Project Details:

Discovering and finally understanding the functions of genes that underlie major agricultural traits in soybean

Parent Project: This is the first year of this project.
Checkoff Organization:North Central Soybean Research Program
Categories:Breeding & genetics
Organization Project Code:NCSRP
Project Year:2018
Lead Principal Investigator:Robert Stupar (University of Minnesota)
Co-Principal Investigators:
Gary Muehlbauer (University of Minnesota)
Amy Skog (University of Minnesota)

Contributing Organizations

Funding Institutions

Information and Results

Comprehensive project details are posted online for three-years only, and final reports indefinitely. For more information on this project please contact this state soybean organization.

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Final Project Results

Updated January 31, 2019:
This final report covers work from 10/1/2017 to 12/31/2018. Overall, this project addresses the RFP’s stated goal of “gene discovery and germplasm development” for traits critical to soybean growers, namely yield enhancement and seed composition improvement. The heart of the project focuses on developing soybean mutant genetic resources that will increase our understanding of the genes that underlie traits of agronomic importance. The development of these resources has been designed to overcome factors that have limited similar projects in the past; such factors include issues with seed source, seed purity (minimizing background genetic heterogeneity), mutagenesis source, genotyping, phenotyping, and seed storage. The new mutant resources will allow researchers to identify mutant stocks for their gene(s) of interest by simply searching a genomic database that will be developed by this project. This will provide an unparalleled public resource in which researchers can quickly identify the mutations, order mutant seeds, and test the agricultural function and importance of the gene(s). Our research objectives and current progress are summarized below.

Objective 1: Perform genome and exome resequencing on a collection of M2-derived soybean ENU mutants.
Progress: Seeds were mutagenized using a combination of N-ethyl-N-nitrosourea (ENU) and ethyl methanesulfonate (EMS) chemicals. The plants were grown over the winter of 2018 under greenhouse conditions in small flats with short daylengths to accelerate maturity. We harvested the M2 seed and planted it in the 2018 field. Following the conclusion of the 2018 field season, we collected tissue from 1368 M2 plants belonging to 445 M1 families. 139 M2 plants (74 families) belonged to the ‘Bert’ background, and 1229 M2 plants (371 families) belonged to the ‘MN1806CN’ background. Field notes for novel phenotypes were recorded. These included traits such as plant height, branch angle/number, leaf morphology, chlorosis, flowering time, and maturity. Out of the 1368 M2 plants, only approximately 430 appeared as ‘wild type’ (normal) for all of the traits listed above. DNA was collected from 25 plants with particularly interesting phenotypes, and 25 ‘wild type’ plants chosen at random. Whole genome sequencing of these samples is currently being performed at the University of Minnesota. Furthermore, tissue from one M2 plant of each ‘MN1806CN’ family (therefore, tissue from 371 unique plants) was sent to Dr. Hyten at the University of Nebraska for analysis using molecular inversion probes (MIPs). The MIPs method will allow us to affordably sequence of portions of thousands of gene for a greater number of plants. To increase the size of the mutant population, approximately 900 additional M1 plants were harvested from the greenhouse in December 2018. Up to five M2 plants from each of these lines will be planted in the field in 2019 for phenotypic evaluation, DNA collection, and seed harvest.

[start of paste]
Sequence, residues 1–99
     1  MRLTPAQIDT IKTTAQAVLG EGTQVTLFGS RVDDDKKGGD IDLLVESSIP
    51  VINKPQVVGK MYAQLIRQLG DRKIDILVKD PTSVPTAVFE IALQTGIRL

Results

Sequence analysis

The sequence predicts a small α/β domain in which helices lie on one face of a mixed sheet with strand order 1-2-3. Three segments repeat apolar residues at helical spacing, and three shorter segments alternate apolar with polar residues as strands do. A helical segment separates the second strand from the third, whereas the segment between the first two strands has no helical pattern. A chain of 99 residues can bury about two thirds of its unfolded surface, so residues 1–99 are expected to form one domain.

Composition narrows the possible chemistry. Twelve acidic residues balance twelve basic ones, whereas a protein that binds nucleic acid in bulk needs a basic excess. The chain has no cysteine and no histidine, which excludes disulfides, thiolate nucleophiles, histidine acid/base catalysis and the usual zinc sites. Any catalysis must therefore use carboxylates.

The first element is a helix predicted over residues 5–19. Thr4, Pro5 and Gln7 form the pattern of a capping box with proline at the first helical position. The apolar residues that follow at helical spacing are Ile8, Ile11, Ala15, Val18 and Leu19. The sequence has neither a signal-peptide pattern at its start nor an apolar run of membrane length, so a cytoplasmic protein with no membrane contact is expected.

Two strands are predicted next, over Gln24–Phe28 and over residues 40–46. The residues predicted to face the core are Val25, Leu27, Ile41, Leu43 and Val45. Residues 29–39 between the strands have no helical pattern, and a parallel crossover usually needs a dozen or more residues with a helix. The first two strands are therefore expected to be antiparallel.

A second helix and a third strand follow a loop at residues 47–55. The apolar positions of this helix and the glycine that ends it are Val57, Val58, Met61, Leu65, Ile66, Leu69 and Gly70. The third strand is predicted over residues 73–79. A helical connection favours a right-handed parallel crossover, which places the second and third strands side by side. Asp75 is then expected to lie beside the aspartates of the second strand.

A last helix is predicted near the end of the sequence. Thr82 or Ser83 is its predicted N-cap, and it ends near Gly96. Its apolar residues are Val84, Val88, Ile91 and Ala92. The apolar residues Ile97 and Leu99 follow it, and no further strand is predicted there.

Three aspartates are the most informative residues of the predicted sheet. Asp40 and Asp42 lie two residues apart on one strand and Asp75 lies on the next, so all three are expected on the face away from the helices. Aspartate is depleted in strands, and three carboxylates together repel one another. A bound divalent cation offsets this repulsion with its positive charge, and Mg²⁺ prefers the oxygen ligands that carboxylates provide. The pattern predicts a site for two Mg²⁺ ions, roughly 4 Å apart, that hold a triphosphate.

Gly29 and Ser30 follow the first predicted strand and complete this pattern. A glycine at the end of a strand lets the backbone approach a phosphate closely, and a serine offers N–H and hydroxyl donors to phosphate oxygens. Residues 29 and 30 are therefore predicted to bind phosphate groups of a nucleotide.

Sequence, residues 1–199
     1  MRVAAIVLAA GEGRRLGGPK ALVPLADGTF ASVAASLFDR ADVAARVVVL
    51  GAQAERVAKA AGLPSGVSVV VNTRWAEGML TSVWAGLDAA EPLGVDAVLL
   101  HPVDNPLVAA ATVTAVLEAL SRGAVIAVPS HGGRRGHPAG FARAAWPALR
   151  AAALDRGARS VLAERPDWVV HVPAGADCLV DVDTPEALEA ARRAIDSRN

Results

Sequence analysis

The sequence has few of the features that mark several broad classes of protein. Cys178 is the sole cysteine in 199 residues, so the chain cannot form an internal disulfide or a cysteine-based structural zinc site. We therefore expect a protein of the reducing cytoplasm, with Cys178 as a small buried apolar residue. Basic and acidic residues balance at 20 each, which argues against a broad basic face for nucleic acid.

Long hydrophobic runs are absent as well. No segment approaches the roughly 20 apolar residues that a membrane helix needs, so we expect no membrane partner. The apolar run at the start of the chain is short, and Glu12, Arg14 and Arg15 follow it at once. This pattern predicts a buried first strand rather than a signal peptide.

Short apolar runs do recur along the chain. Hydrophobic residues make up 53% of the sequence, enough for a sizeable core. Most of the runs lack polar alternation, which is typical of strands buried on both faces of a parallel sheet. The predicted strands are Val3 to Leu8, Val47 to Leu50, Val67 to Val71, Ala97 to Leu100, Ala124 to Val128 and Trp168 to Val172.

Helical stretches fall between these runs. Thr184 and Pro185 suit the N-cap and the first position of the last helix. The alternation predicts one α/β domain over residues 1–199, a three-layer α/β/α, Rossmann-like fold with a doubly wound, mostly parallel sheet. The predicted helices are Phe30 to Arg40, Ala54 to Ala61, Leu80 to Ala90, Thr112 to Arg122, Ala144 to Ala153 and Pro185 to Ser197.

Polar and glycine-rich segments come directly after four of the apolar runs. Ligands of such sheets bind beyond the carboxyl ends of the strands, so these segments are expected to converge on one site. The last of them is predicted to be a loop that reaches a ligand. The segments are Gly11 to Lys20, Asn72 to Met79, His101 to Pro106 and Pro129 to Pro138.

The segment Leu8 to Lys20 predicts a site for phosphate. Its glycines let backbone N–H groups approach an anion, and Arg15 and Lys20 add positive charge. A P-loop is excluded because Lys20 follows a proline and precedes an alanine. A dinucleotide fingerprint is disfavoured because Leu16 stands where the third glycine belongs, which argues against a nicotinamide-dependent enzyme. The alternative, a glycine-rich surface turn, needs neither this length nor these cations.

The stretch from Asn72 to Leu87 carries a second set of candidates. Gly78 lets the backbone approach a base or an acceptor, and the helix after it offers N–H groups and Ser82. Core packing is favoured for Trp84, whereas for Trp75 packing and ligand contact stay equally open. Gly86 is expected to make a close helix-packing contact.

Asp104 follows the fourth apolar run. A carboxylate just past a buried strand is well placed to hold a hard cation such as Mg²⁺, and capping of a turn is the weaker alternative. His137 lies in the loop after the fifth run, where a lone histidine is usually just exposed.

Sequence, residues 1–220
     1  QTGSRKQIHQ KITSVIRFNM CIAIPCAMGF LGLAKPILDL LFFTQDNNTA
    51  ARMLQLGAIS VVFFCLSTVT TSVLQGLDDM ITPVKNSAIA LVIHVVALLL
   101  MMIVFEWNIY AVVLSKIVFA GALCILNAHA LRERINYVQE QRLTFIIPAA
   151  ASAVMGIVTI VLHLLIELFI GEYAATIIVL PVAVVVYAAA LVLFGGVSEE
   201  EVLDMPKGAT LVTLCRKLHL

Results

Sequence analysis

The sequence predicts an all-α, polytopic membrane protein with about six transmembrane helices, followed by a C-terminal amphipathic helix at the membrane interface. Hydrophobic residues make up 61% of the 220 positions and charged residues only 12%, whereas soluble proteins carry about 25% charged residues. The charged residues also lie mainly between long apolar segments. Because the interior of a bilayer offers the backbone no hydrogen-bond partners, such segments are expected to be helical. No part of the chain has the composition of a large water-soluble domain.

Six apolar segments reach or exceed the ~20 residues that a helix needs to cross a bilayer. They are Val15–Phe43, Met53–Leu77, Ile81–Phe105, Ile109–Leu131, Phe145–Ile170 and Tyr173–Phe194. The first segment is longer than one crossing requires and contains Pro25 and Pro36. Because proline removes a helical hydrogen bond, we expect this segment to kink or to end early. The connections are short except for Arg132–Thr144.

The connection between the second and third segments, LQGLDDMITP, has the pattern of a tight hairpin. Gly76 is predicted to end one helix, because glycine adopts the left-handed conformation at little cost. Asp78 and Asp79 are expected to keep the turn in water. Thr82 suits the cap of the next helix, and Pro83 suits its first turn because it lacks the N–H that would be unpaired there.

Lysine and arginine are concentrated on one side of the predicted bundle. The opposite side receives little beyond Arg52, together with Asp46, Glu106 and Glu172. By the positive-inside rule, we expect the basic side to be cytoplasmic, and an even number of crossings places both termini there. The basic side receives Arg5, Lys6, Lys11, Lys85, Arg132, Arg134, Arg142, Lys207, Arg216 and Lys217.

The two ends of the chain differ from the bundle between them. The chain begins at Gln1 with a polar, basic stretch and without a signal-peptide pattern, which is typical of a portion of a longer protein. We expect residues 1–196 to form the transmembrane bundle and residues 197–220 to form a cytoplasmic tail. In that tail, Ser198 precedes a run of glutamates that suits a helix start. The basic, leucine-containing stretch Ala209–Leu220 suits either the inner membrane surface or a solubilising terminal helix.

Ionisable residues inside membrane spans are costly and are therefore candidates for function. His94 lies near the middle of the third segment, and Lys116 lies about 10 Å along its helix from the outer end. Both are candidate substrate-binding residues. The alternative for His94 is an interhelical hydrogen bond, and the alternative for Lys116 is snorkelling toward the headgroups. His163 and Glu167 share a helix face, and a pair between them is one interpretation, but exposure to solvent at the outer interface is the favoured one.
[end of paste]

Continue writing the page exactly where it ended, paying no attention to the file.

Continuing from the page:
Objective 2: Create a searchable public database that hosts all of the sequence polymorphism information (SNP and small indel mutations) for the subset of sequenced mutant plants.
Progress: The resequencing data for the initial 50 mutant lines is nearing completion. When this data is ready, we will analyze it and develop the database as described.

Objective 3: Store M3 seeds for the collection. Distribute seed to users in the research community based on their specific needs and requests.
Progress: We have harvested the first round of M3 seeds from the 2018 field. Harvest was performed on a plant-by-plant basis to ensure purity of each mutant line. The seed is now in storage and will be available to the research community upon request. However, we do not expect requests until the searchable public database of sequence polymorphisms is up and running, and accessed by researchers.

Deliverables: None to date.

A novel chemical mutant population was developed in the soybean genotype ‘MN1806CN’ using a combination of ENU and EMS mutagenesis. This population demonstrated a range of unique traits in the M2 generation, indicating successful mutagenesis. We are currently sequencing the whole genomes of 50 mutant plants from this population to identify which genes and regulatory regions have mutations. Furthermore, we are also using MIPs sequencing to gather mutation information specifically on smaller gene regions for a larger set of mutants (371 plants). This sequencing data will be shared on a public database, allowing researchers to identify mutations in genes of interest and order these lines from our population. This will allow for more efficient breeding with novel traits and discovery of gene functions.

Project Years